Software developers have much to fear from a precedent-setting judgement in the Appeal Court at the end of last month. Britain's second highest court has created a series of new contractual rights for users at the expense of software developers, setting the scene for a field day for lawyers.
The judges rejected an appeal by ICL against a u1.3 million High Court judgement that overturned liability limitation clauses in the supplier's contract with St Albans City and District Council.
St Albans bought poll tax software from ICL in 1988, but errors in the code meant that the council lost u685,000 in government grants, and collected u484,000 less in poll tax than it should have.
The council had signed a contract with ICL that included liability limitation clauses which capped damages at u100,000. But the council successfully argued that the clauses were unreasonable.
The decision is important because the clauses were overturned under the Unfair Contract Terms Act 1977, which does not apply where standard terms and conditions (Ts&Cs) are altered by negotiation. ICL was caught out because the liability limitation clauses were unchanged from its standard Ts&Cs. The judges therefore held that the clauses remained standard terms - even though they were actually discussed during negotiations.
'The Appeal Court effectively said that something can remain standard, even if it has been discussed for hours. In future, this means that suppliers are going to have to look again at the way they deal with liability limitation and exclusion clauses,' said Robert McCallough, a partner at City law firm Masons, which prepared ICL's appeal.
The judges added that where software requirements are influenced by legislation - such as local government or tax-specific applications - delivery deadlines created by legislation introduced after a supplier signs a contract will overrule any previous deadlines set in the contract.
This situation can only be avoided by a supplier if it explicitly states otherwise in its contract.
Another important effect of the judgement is that software is governed by the 'fit for purpose' principle that underpins legislation including the Sale of Goods Act 1979 as well as the Supply of Goods and Services Act 1982.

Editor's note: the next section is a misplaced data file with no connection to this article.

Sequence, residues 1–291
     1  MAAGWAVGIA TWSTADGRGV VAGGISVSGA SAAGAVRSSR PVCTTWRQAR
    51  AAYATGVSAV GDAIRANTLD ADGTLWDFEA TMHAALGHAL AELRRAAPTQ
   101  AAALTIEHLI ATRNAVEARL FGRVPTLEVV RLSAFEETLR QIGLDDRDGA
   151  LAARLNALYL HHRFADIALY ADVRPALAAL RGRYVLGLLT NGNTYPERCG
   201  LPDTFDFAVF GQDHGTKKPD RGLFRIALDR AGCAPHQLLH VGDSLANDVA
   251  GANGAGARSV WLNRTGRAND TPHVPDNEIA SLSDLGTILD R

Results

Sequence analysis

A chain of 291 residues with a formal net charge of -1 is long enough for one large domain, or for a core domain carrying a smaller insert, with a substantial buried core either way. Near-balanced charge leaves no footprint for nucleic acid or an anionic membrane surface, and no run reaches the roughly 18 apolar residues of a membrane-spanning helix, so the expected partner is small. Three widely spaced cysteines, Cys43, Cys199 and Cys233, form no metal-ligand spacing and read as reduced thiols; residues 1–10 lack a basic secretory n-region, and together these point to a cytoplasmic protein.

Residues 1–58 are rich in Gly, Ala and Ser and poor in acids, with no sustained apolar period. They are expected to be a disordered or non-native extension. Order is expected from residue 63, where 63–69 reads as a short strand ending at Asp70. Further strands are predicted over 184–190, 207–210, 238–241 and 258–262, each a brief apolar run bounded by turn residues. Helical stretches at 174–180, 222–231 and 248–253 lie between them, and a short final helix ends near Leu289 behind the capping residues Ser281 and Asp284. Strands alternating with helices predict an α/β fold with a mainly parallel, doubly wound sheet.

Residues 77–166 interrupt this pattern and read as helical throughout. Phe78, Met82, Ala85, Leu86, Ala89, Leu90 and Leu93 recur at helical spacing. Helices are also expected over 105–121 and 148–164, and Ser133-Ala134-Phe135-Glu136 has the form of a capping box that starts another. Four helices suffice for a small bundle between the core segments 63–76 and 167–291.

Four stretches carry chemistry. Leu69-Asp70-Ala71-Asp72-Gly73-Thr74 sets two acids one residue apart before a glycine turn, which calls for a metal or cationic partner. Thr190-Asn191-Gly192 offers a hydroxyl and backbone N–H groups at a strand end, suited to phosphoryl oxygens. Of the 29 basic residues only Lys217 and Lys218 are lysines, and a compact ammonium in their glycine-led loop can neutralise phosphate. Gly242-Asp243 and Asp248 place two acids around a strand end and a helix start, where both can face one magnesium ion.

While the judges said that legally software is not goods per se, packaged software counts as goods for the purposes of the 1979 and 1982 acts. More importantly, the judges added that where software is installed as part of a development contract, it is not classified as goods but is nevertheless subject to an unwritten 'implied term' under which it must be 'reasonably fit for the purpose' for which it is intended.
This is a potentially explosive change. Before the St Albans case, the law recognised that software was flawed by its very nature. In general, case law simply demanded only that bugs not fatally ruin an application, and that they be recognised and fixed in reasonable time. Introducing 'fit for purpose' criteria into software law means that a far more restrictive and demanding legal obligation has entered the arena.
In particular, software developed for groups of clients will have to meet the full needs of every single client under the 'fit for purpose' rule, something which will add immensely to development costs.
Of course, those software houses that have any legal sense at all are going to get around the problem by introducing restrictive clauses in existing and new contracts. But that is something their users might not like - and something that will add a fortune to the industry's legal bill.
As well as introducing restrictive clauses as a result of the St Albans ruling, suppliers will have to spend many more hours making user requirements more clearly definable.
'From an engineering point of view, it is difficult to see how error-free software can ever be constructed,' said Rob Wirszycz, director general of the Computing Services and Software Association. 'That means that if software is going to be treated as goods in future, vendors are going to have to be far less flexible about accepting user requirements that are vague or badly defined. The problem is that most user specifications are actually quite weak.'
Taken together , the changes introduced by the St Albans case mean a lot of rewriting of contracts and user specifications if software houses are going to avoid being sucked into open-ended commitments or risk unlimited liability.
'There is now going to be even greater pressure on suppliers to negotiate contracts, and for those negotiations to result in changes to individual clauses,' said Alistair White, a barrister who acts as the local government commercial manager for ICL. 'The onus will also be on suppliers to make sure that software specifications are absolutely watertight.
'If there's going to be a requirement for everything to be buttoned down, that is going to add to bid costs. Overall, there is going to be some hefty consultancy and a few legal conferences on the back of this case.
It's not going to do the lawyers any harm at all.'
One crumb of comfort for ICL was that the Appeal Court judges cut the High Court award by u484,000, which should leave ICL some u600,000 better off after interest is added.
ICL has until October to consider making an appeal.
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